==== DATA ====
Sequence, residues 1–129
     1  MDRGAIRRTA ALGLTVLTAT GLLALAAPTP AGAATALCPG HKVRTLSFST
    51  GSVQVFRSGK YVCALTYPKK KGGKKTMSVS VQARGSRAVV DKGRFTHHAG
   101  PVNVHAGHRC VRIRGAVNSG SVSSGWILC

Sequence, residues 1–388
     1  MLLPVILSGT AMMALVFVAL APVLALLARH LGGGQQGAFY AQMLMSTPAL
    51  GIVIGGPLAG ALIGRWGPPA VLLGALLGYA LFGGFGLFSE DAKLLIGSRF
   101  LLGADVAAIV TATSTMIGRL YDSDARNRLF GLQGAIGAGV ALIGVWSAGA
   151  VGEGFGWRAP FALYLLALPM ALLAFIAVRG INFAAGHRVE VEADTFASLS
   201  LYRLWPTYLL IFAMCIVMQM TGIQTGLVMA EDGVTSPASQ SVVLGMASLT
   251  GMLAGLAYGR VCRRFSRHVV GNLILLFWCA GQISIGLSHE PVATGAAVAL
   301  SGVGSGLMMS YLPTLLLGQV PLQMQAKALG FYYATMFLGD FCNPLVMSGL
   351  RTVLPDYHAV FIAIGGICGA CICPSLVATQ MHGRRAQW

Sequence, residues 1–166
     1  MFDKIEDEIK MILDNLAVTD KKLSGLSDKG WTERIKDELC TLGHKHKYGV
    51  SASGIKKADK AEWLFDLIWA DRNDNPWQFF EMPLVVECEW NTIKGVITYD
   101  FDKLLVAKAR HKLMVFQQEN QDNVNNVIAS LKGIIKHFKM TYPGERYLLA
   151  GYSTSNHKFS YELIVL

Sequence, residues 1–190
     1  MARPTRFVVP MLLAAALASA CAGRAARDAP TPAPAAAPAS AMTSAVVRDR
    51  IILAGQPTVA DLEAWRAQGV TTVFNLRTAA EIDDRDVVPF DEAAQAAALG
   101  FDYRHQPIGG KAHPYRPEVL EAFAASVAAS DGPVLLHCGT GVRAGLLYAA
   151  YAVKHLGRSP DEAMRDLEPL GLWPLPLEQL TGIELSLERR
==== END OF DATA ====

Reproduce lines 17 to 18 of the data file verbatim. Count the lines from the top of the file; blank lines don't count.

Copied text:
   101  FDKLLVAKAR HKLMVFQQEN QDNVNNVIAS LKGIIKHFKM TYPGERYLLA
   151  GYSTSNHKFS YELIVL